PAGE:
Bitcoin isn't for payments?
While that may be the popular narrative of late, don't tell that to Bellatorra Skin Care, a luxury brand that has found the opposite as it's expanded internationally into markets such as China and India.
Not only is bitcoin (which has seen years of declining interest from merchants as the network bumped up against its limits) a sought-after choice for business-to-business (B2B) payments, but for retail payments, other cryptocurrencies are finding a foothold as well.
“We expanded our business internationally this past year, and have had strong demand [for cryptocurrency] from customers in markets such as China and India, where fiat cross-border transactions have inefficiencies," said Nathan Halsey, the CEO of Bellatorra, based in Beverly Hills, California.
Halsey told CoinDesk:
Indeed, one of the early use cases highlighting bitcoin's innovation was cross-border payments where there were bottlenecks and high fees for transacting.
Bellatorra ran into these hurdles in Asian markets and says its wholesale customers began asking for the option of paying in bitcoin. So in July 2017, the company began a relationship with bitcoin merchant services provider BitPay.
"We have completed multiple six-figure transactions, without an issue, and have settled funds from the time of customer payment to settling in U.S. dollars in our U.S. bank accounts in less than one business day," Halsey continued.
And according to BitPay CEO Stephen Pair, Bellatorra's experience in circumventing cumbersome traditional payments rails with crypto isn't uncommon. Cosmetic companies such as Nuciya Beauty in Canada have found that people tend to spend more per purchase when they use cryptocurrency.
As such, Bellatorra is looking into adopting other cryptocurrencies, and making them a bigger segment of their business, in the future.
“We are definitely pro-cryptocurrency as a payment option,” Halsey said, adding that the company has started holding onto small amounts of the cryptocurrencies it accepts instead of immediately cashing out.
Diversifying retail payments
For its retail customers, Bellatorra has already begun accepting litecoin and ether, ethereum's native cryptocurrency.
Since BitPay doesn't facilitate merchant payments in anything other than bitcoin and bitcoin cash, Bellatorra had to establish relationships with other processors to enable these cryptocurrency payments.
According to Halsey, using PayWithEther.com and GoUrl.io, Bellatorra garnered dozens of litecoin and ether payments from predominantly Asian customers spending roughly $300 to $1,000 per order.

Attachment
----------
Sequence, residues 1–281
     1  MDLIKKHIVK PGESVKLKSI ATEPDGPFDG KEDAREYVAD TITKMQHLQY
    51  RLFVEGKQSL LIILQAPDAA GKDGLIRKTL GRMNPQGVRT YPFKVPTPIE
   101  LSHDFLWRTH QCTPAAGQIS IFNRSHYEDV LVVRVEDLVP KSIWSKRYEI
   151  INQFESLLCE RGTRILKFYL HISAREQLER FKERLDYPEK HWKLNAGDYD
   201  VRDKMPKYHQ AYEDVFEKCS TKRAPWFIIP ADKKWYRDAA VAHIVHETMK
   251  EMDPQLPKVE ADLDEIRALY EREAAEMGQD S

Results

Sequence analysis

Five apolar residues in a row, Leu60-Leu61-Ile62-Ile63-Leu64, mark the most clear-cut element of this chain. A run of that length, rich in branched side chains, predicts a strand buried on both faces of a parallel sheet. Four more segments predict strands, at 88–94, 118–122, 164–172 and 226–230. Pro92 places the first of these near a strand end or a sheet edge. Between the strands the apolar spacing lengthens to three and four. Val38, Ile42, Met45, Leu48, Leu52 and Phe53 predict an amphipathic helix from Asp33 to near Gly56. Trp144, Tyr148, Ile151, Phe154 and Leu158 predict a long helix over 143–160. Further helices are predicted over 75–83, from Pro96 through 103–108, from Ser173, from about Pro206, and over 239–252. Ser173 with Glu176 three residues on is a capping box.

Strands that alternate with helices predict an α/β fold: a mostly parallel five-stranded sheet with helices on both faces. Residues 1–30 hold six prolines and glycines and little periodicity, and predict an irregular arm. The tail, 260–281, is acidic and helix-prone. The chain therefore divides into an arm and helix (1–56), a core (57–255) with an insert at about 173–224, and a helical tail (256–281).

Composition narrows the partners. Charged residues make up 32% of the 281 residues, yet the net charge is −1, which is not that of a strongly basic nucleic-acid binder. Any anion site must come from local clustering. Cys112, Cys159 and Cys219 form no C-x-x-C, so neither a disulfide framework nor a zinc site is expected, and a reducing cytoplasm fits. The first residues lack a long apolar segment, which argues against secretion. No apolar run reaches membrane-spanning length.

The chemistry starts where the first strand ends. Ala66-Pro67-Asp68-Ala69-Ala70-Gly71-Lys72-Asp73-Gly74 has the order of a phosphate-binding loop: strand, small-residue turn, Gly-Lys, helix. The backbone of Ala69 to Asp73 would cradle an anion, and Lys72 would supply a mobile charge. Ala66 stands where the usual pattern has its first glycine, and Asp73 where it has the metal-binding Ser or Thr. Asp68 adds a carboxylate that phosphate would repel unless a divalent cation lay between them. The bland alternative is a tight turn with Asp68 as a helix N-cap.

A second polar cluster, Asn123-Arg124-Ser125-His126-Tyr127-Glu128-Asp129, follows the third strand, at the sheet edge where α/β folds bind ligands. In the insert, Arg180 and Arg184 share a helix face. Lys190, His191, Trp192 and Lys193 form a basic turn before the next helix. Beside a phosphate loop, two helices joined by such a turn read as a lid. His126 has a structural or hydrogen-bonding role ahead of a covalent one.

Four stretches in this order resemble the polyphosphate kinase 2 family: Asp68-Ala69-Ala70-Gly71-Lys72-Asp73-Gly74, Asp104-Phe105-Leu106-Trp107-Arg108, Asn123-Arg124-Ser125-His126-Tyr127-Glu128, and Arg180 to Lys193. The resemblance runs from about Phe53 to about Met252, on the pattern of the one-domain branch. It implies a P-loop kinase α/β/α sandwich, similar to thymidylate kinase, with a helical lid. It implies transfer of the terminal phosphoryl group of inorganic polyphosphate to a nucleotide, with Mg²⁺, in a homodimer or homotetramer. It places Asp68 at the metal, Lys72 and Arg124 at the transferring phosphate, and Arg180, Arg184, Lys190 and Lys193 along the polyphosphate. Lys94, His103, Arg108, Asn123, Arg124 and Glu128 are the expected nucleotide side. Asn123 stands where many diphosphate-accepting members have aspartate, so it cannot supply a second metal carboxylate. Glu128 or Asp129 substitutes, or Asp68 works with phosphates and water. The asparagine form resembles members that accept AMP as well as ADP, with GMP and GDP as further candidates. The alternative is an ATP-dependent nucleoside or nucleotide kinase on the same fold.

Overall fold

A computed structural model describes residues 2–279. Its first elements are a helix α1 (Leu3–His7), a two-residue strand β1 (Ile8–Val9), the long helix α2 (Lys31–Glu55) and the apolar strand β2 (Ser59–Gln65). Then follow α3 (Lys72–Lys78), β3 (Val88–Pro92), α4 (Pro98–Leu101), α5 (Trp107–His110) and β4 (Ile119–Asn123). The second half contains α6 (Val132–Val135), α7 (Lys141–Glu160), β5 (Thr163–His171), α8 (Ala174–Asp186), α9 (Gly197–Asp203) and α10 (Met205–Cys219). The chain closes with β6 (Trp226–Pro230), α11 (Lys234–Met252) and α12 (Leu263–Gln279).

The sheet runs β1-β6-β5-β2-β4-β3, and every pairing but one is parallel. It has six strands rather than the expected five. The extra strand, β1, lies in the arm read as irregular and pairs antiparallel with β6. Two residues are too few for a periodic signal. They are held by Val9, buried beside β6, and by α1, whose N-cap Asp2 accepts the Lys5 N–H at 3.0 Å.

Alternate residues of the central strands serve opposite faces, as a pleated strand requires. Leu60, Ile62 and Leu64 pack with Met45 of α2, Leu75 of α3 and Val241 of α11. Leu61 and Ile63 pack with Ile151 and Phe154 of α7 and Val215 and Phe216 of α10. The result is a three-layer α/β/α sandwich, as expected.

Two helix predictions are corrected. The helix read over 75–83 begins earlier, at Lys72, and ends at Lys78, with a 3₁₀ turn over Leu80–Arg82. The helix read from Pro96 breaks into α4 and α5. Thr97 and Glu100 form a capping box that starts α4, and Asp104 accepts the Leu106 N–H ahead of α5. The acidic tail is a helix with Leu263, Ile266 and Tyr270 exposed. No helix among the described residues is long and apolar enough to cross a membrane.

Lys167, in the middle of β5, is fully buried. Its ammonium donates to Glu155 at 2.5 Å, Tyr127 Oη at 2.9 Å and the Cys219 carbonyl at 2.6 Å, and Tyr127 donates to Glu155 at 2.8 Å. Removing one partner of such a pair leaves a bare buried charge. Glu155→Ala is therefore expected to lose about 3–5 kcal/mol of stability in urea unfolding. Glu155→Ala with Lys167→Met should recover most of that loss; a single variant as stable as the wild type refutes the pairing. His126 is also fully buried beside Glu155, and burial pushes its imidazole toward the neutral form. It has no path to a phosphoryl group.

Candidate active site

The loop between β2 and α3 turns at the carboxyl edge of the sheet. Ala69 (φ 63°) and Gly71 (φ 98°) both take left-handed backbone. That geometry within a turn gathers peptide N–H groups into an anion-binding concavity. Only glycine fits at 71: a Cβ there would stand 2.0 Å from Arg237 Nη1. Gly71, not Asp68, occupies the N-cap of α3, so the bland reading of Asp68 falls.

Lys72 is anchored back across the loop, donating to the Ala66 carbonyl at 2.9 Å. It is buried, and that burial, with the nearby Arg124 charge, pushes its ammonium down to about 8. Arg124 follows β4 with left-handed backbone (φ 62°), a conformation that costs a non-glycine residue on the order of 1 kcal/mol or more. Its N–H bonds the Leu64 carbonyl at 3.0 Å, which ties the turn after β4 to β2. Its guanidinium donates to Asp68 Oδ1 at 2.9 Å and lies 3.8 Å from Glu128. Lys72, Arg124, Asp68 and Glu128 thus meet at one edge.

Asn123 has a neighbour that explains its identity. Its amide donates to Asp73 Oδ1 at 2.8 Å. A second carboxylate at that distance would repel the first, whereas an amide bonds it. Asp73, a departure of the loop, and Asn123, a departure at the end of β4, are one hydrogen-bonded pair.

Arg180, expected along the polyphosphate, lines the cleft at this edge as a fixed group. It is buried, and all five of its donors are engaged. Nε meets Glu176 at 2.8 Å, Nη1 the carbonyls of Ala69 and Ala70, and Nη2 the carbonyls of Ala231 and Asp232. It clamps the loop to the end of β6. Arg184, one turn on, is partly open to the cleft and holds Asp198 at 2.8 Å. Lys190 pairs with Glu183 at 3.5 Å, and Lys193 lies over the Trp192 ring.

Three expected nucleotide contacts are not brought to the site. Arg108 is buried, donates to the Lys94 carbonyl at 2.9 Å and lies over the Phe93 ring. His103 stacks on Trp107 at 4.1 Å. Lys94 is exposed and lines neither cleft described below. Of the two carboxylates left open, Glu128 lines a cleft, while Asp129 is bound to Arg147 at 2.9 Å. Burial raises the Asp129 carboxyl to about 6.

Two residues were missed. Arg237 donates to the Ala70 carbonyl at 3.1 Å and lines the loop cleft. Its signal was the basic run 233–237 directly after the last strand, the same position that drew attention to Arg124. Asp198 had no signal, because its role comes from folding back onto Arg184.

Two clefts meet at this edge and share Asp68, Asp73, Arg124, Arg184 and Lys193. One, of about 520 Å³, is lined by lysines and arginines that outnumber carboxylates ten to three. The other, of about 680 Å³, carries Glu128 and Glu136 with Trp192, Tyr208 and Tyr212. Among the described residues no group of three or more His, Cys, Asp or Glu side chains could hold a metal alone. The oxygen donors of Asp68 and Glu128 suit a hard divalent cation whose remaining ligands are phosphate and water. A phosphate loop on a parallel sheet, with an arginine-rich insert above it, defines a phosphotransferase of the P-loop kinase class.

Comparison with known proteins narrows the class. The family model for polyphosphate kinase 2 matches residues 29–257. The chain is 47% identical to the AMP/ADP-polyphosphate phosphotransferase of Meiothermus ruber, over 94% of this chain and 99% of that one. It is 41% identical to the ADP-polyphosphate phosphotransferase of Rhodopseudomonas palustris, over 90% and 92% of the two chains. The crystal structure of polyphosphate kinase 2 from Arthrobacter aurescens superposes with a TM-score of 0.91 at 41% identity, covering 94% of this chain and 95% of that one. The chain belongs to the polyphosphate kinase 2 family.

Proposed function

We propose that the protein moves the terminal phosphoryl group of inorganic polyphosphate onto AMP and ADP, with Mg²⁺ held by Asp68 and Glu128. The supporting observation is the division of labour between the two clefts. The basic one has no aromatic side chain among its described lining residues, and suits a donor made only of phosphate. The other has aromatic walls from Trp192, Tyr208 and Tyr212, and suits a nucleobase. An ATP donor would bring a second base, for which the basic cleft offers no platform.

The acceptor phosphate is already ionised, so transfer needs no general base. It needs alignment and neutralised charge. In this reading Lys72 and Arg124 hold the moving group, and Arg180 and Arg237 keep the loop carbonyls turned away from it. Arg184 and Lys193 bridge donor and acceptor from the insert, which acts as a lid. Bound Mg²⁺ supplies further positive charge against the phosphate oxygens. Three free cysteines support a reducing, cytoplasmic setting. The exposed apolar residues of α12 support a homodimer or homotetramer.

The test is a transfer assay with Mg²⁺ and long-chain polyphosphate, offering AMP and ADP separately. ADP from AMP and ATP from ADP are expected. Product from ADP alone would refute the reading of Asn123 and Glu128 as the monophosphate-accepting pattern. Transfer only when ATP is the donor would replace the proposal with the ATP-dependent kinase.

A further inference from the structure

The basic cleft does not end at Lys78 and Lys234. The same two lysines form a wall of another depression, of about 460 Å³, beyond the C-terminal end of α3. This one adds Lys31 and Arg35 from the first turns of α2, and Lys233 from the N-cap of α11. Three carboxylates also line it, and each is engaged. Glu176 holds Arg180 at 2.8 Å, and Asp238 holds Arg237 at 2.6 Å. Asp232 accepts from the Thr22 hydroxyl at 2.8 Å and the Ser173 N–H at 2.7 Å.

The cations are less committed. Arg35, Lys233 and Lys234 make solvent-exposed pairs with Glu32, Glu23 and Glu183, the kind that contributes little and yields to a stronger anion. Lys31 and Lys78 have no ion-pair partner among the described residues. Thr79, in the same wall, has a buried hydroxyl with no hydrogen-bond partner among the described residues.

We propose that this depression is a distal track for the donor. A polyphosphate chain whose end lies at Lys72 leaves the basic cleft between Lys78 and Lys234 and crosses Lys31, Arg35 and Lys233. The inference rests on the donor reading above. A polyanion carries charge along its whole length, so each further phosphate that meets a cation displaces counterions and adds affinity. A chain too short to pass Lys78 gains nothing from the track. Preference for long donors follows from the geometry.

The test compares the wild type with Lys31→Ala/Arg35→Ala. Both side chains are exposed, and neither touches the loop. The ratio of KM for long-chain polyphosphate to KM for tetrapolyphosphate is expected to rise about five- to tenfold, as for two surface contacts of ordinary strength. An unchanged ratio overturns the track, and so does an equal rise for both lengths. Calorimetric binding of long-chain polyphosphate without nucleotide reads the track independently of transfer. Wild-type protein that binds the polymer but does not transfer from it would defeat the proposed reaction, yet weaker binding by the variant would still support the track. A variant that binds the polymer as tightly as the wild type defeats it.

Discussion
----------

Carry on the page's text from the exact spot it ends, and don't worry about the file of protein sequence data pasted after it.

While bitcoin's transaction fees have come down significantly over the past several months, the thought of high fees has caused some merchants to hedge, according to Jimmy Song, a well-respected developer and partner at Blockchain Capital.
Yet it's not only a hedge but also a way to solicit more sales, Song said.
Cryptocurrency trading has seen huge amounts of adoption in Asian markets recently, with many industry observers asserting that if cryptocurrency businesses aren't targeting these markets, they'll be left behind.
And according to Bellatorra's Halsey, there's no reason for a merchant business to not turn on the option since it's so easy.
“I can tell other companies looking at the space that if you are used to taking a credit card for payment, this is every bit as simple if not simpler,” he said.
An Asian persuasion
Yet, the rapid growth of B2B bitcoin payments still dwarfs altcoin use cases for retail payments.
To get an idea of the size of the market, international B2B payments now account for roughly 15 percent of BitPay's business. And that's after a 328 percent increase in the payments dollar volume BitPay took in between 2016 and 2017.
Sonny Singh, chief commercial officer at BitPay, told CoinDesk he expects those payments to increase another fourfold in 2018.
These numbers are likely one of the reasons BitPay secured $40 million in a Series B round recently. And the main focus for that money will be expanding its services into Asia, said Pair.
For one thing, a BitPay investor based in China would like to see the company open an office in the country, Pair said.
To make that happen, the company would like to start building relationships with banking partners in China, to offer the ability for merchant clients to cash out into their preferred currency and account, he continued.
Speaking to that focus, Pair said:
Beauty products image via Shutterstock
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